An apology for the Catholic Church’s patriarchy

Interesting post over at First Things by Dominic Burbidge:

If it is the case that we reach perfection in our lives by loving others, there does indeed appear to be a dramatic inequality between the two genders that is irreconcilable. Women are able to give birth and, in that process, share in the very being of another for about nine months: physical interdependence, mutual suffering, mutual nourishment. Bearing and giving birth to a child is a deep act of love, attested to by the intimacy of relationship that so often results between mother and child.

This is very unequal indeed. Merely by the fact of their sex men are locked out of this dialogue of love, a dialogue so often scorned by our age and yet so akin to perfect love.

Christ’s Incarnation as a man and his creation of a royal priesthood among men makes present in the second gender the deep capacity for sacrificial love constant in motherhood. We are all called to sacrifice ourselves and we are all called to love, and yet God makes special vocational demands according to our characters and biographies. Our genders also have a certain biography through which God’s plan has unfolded and become known. Just as some men are called to the priesthood and others not, so too are some women called to motherhood and others not. In both genders, God demands a special example of sacrificial self-giving that provides definition and depth to the capacity of all to love.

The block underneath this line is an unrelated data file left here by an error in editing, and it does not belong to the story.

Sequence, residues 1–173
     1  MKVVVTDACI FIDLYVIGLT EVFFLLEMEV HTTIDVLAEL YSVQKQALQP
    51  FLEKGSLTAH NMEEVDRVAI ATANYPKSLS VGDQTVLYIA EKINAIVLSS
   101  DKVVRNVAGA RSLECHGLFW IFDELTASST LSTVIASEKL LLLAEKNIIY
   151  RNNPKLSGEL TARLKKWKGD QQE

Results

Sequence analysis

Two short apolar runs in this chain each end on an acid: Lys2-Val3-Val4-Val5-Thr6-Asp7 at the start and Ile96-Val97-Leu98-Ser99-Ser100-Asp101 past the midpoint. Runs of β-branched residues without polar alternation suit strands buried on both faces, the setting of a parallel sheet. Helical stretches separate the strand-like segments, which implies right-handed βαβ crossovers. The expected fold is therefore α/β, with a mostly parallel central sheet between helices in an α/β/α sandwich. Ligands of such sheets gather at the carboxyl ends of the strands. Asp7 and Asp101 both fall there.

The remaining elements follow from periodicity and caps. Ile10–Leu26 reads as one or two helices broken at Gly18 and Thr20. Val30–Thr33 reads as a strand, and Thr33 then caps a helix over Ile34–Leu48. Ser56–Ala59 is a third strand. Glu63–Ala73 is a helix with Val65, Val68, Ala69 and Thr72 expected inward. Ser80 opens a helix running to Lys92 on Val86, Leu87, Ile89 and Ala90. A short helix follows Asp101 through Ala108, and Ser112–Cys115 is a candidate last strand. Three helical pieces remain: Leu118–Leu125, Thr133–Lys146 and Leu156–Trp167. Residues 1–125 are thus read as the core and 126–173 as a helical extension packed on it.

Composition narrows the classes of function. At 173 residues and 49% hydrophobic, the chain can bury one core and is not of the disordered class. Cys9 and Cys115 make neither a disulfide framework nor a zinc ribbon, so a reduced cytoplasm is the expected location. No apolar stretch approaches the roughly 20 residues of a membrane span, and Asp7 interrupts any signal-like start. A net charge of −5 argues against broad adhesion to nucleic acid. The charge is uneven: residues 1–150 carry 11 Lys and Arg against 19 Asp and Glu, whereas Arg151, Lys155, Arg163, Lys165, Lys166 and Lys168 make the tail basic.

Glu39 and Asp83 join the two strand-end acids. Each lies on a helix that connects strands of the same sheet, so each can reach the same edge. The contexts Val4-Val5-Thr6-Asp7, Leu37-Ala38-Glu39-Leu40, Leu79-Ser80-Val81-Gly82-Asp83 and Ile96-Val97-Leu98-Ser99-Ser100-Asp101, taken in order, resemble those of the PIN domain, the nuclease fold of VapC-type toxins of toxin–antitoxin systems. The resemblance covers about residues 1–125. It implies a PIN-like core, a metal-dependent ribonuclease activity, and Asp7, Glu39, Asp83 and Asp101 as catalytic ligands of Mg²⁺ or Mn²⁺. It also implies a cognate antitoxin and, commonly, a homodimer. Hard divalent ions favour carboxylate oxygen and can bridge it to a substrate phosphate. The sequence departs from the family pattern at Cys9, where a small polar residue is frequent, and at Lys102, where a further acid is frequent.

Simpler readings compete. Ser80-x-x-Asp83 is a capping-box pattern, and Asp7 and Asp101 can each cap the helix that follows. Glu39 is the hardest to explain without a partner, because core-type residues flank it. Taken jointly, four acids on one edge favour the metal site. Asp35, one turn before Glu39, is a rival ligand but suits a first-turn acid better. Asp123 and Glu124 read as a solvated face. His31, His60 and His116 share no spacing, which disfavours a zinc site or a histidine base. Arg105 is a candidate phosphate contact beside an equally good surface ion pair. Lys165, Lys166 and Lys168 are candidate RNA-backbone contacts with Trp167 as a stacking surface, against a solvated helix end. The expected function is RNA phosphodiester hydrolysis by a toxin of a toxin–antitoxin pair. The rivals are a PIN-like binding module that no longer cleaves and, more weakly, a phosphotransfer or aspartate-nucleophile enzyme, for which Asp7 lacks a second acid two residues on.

Advertisements
This entry was posted in Uncategorized. Bookmark the permalink.

One Response to An apology for the Catholic Church’s patriarchy

  1. Rev22:17 says:

    Deborah,

    From your quotation: Christ’s Incarnation as a man and his creation of a royal priesthood among men makes present in the second gender the deep capacity for sacrificial love constant in motherhood.

    Argh! The problem here is that, in so far as baptism incorporates us to the three offices of our Lord — that of priest, that of prophet, and that of king — it must do so for both genders. Anything less, and we have two baptisms — one conferred on males and the other conferred on females.

    This is, of course, without prejudice to the distinction between the “priesthood of believers” and the “ministerial priesthood” as articulated by the Second Vatican Council.

    Norm.

Leave a Reply

Fill in your details below or click an icon to log in:

WordPress.com Logo

You are commenting using your WordPress.com account. Log Out / Change )

Twitter picture

You are commenting using your Twitter account. Log Out / Change )

Facebook photo

You are commenting using your Facebook account. Log Out / Change )

Google+ photo

You are commenting using your Google+ account. Log Out / Change )

Connecting to %s